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Birks – Mankiw 7th edn Chapter 32 – a note on models and assumptions

A commentary on Mankiw 7th Edn Chapter 32: A Macroeconomic Theory of the Open Economy (Mankiw 7th edition)

Mankiw, N. G. (2015) Principles of economics (7th ed.) Ch.32
Principles of macroeconomics
(7th ed.) Ch.19
Mason, OH: South-Western Cengage Learning

A note on models and assumptions

It is important that you familiarise yourselves with the economics approach to models.

Every model is based on assumptions. These are very important. They set the structure of the analysis. Commonly assumptions are spelled out in relation to each model. However, sometimes “standard” assumptions are unstated. Mankiw tends to hide his assumptions in the body of the text. It is worth highlighting the words “model” and “assumption” or “assume” whenever they appear. Also, note that anything not mentioned is either assumed to be constant or assumed not to affect the variables included in the model.

Mankiw also has a tendency to present a finding that is specific to a model as if he has explained a real world phenomenon. See the first paragraph of Chapter 20 Section 2a for several examples of this. The model is not the world, the map is not the territory.

Assumptions may not be realistic, but any subsequent analysis should follow logically from them. When using analysis to try to understand the real world, it is important to be aware of the limitations caused by the assumptions and the choice of relationships included in models. While they may help us to understand some aspects of the world, they leave out many things which may also be important. This is inevitable in any analysis, whether in economics or elsewhere. I tend to consider models as analogies which may give some insights into real world, but which generally need additional thought (Keynes, talked of reserves, qualifications and adjustments).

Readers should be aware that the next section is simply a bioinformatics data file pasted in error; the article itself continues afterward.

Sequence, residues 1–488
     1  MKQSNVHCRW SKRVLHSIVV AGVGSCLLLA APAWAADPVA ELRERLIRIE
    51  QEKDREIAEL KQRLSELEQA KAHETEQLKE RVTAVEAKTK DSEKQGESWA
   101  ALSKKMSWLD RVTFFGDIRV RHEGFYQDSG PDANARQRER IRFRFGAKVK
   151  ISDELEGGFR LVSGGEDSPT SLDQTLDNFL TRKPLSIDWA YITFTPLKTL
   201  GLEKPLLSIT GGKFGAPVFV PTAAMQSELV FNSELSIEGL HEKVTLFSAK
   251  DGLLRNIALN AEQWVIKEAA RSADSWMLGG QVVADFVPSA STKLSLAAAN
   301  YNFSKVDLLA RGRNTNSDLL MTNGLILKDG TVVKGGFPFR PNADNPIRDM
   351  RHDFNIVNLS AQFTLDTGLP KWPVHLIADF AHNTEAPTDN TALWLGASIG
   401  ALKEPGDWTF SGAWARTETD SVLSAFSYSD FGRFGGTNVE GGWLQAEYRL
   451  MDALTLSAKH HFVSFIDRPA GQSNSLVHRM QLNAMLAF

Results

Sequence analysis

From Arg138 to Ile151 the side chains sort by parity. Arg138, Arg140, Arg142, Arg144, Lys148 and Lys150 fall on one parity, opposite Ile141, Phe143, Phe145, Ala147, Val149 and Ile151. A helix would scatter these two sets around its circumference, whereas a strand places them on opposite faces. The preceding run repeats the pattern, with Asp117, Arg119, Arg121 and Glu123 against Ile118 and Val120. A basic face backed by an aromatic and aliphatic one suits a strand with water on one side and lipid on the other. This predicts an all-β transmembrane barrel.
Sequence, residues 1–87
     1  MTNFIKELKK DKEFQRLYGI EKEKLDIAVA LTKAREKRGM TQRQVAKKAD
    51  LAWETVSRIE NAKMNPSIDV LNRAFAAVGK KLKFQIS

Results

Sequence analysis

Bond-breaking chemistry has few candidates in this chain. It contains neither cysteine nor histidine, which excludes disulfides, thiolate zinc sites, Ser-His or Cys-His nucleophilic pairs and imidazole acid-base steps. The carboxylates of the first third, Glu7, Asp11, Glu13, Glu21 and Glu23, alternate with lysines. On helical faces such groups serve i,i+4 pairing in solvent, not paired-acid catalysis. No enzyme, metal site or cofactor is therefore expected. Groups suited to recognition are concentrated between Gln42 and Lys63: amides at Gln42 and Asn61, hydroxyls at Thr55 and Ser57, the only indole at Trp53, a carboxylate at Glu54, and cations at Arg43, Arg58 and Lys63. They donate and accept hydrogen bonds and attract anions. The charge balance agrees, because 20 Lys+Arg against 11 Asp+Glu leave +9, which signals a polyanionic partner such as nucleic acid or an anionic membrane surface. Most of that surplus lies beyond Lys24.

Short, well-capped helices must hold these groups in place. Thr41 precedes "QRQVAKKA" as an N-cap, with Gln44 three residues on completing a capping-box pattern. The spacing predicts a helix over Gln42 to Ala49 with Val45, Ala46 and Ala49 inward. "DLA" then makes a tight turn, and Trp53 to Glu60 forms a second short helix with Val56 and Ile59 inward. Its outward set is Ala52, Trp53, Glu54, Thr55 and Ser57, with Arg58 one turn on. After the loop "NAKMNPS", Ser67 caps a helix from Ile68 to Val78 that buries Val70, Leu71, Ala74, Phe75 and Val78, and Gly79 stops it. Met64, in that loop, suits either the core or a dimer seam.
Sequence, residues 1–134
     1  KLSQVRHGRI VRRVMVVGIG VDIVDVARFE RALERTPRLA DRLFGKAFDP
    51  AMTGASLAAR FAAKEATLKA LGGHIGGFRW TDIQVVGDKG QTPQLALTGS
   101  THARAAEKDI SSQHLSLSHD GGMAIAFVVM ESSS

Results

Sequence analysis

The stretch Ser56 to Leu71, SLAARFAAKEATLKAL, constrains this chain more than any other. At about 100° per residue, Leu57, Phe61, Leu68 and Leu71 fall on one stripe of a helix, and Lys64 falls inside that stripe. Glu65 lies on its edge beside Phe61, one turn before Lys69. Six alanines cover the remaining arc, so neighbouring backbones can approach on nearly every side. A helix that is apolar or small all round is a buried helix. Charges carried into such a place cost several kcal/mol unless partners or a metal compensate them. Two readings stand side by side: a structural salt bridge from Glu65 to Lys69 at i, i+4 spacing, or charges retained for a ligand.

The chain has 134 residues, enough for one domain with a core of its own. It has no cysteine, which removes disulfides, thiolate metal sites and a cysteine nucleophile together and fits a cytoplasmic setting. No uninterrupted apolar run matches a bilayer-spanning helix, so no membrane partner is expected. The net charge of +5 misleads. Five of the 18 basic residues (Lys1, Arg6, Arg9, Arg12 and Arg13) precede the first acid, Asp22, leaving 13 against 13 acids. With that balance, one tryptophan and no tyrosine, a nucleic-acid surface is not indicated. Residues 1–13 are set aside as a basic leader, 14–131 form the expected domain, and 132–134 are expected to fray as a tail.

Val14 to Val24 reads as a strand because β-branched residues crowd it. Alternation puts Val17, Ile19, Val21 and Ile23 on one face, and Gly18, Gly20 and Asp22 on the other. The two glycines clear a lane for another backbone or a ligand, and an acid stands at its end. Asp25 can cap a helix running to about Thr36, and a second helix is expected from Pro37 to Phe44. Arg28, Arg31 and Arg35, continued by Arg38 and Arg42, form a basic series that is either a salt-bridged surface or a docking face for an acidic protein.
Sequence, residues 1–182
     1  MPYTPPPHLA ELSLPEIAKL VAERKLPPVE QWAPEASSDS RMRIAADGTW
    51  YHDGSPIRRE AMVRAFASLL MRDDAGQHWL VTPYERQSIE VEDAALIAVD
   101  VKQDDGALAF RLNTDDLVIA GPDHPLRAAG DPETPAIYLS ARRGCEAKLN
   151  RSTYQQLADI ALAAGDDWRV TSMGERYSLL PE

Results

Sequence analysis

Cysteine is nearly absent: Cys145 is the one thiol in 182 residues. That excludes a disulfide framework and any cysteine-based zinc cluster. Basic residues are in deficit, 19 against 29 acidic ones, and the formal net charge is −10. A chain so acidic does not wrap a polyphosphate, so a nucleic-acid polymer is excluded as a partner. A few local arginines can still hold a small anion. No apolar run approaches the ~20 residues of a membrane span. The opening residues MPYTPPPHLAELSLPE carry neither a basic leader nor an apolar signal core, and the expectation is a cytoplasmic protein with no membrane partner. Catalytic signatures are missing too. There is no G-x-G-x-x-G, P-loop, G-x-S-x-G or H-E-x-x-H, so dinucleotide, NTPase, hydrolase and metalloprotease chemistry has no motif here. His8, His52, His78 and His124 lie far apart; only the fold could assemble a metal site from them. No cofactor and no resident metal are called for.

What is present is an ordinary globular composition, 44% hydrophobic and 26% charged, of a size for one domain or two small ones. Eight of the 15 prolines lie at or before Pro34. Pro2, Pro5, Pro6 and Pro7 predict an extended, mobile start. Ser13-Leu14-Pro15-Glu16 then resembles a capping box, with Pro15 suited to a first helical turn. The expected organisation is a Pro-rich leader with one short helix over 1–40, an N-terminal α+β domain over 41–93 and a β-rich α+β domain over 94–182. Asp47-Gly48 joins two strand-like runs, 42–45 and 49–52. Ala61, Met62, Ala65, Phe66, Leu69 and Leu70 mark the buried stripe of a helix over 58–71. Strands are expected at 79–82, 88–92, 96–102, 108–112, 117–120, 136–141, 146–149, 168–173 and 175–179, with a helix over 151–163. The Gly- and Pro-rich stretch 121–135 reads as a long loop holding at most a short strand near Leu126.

An open economy macroeconomic model

In the first main section of the chapter Mankiw sets out the basic structure for the two markets that he will include in his model. In this commentary you can see how to draw on the text to identify key components of a model.

You will also get some pointers as to how to identify limitations in a model. These are in square brackets and inset. They include more advanced material, so you can ignore them if you wish.

The basic structure is set out in the introduction and in Section 1.


From the introduction:

  1. Real GDP given and equal to full employment real GDP, determined by real factors (classical dichotomy, Ch.30 subsection 1e)
  2. The price level is given, where S and D of money are equal (Ch.30 Figure 1)

The model includes

(a) a market for loanable funds and

(b) a market for foreign-currency exchange


(a) market for loanable funds

Assume the financial system consists of only 1 market, the market for loanable funds

“Definition” loanable funds: the domestically generated flow of resources available for capital accumulation

In subsection 1a: “As we learned” QS and QD depend on the real interest rate. This is an assumption.

[i.e. “as we learned” according to our earlier model. Note the model for a closed economy in Chapter 26 subsection 3a. Note also the four bullet points in Chapter 31 subsection 1b including three other determinants of net capital outflow which are assumed constant here. In practice, capital movements are also likely to depend on expectations about the future.]

The assumed relationships are then described: “A higher real interest rate encourages people to save and, therefore, raises the quantity of loanable funds supplied. A high interest rate also makes borrowing to finance capital projects more costly; thus, it discourages investment and reduces the quantity of loanable funds demanded.”